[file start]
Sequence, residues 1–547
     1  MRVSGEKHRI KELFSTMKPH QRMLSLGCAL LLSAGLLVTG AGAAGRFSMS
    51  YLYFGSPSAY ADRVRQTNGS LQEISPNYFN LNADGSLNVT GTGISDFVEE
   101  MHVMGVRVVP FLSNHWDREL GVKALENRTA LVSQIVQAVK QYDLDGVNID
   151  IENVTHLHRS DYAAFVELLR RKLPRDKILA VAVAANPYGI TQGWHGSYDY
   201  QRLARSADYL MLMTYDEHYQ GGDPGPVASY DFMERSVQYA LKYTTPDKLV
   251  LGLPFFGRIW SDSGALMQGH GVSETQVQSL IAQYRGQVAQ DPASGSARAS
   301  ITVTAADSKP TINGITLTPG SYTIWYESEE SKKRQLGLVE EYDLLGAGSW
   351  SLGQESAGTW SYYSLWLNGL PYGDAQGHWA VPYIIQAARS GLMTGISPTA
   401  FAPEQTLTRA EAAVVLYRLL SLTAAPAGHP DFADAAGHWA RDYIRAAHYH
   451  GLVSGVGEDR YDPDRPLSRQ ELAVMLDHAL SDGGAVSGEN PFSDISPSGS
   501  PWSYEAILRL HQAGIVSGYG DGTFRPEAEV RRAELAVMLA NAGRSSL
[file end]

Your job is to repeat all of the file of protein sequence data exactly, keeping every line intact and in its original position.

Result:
Sequence, residues 1–547
     1  MRVSGEKHRI KELFSTMKPH QRMLSLGCAL LLSAGLLVTG AGAAGRFSMS
    51  YLYFGSPSAY ADRVRQTNGS LQEISPNYFN LNADGSLNVT GTGISDFVEE
   101  MHVMGVRVVP FLSNHWDREL GVKALENRTA LVSQIVQAVK QYDLDGVNID
   151  IENVTHLHRS DYAAFVELLR RKLPRDKILA VAVAANPYGI TQGWHGSYDY
   201  QRLARSADYL MLMTYDEHYQ GGDPGPVASY DFMERSVQYA LKYTTPDKLV
   251  LGLPFFGRIW SDSGALMQGH GVSETQVQSL IAQYRGQVAQ DPASGSARAS
   301  ITVTAADSKP TINGITLTPG SYTIWYESEE SKKRQLGLVE EYDLLGAGSW
   351  SLGQESAGTW SYYSLWLNGL PYGDAQGHWA VPYIIQAARS GLMTGISPTA
   401  FAPEQTLTRA EAAVVLYRLL SLTAAPAGHP DFADAAGHWA RDYIRAAHYH
   451  GLVSGVGEDR YDPDRPLSRQ ELAVMLDHAL SDGGAVSGEN PFSDISPSGS
   501  PWSYEAILRL HQAGIVSGYG DGTFRPEAEV RRAELAVMLA NAGRSSL